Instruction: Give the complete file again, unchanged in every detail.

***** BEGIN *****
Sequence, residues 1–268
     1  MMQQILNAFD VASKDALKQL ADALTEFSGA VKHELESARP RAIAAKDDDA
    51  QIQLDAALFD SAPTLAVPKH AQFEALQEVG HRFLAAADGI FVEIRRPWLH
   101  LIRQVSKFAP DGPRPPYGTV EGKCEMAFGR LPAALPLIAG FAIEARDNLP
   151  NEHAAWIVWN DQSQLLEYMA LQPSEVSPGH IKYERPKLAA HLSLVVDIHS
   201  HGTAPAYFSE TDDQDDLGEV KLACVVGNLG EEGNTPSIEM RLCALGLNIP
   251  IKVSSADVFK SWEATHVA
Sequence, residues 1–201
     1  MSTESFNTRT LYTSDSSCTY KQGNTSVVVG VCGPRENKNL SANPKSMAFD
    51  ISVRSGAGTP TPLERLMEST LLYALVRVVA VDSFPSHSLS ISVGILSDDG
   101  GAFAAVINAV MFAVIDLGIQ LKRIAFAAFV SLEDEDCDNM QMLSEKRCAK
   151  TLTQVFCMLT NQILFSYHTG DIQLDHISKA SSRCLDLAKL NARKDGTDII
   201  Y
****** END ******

Sequence, residues 1–268
     1  MMQQILNAFD VASKDALKQL ADALTEFSGA VKHELESARP RAIAAKDDDA
    51  QIQLDAALFD SAPTLAVPKH AQFEALQEVG HRFLAAADGI FVEIRRPWLH
   101  LIRQVSKFAP DGPRPPYGTV EGKCEMAFGR LPAALPLIAG FAIEARDNLP
   151  NEHAAWIVWN DQSQLLEYMA LQPSEVSPGH IKYERPKLAA HLSLVVDIHS
   201  HGTAPAYFSE TDDQDDLGEV KLACVVGNLG EEGNTPSIEM RLCALGLNIP
   251  IKVSSADVFK SWEATHVA
Sequence, residues 1–201
     1  MSTESFNTRT LYTSDSSCTY KQGNTSVVVG VCGPRENKNL SANPKSMAFD
    51  ISVRSGAGTP TPLERLMEST LLYALVRVVA VDSFPSHSLS ISVGILSDDG
   101  GAFAAVINAV MFAVIDLGIQ LKRIAFAAFV SLEDEDCDNM QMLSEKRCAK
   151  TLTQVFCMLT NQILFSYHTG DIQLDHISKA SSRCLDLAKL NARKDGTDII
   201  Y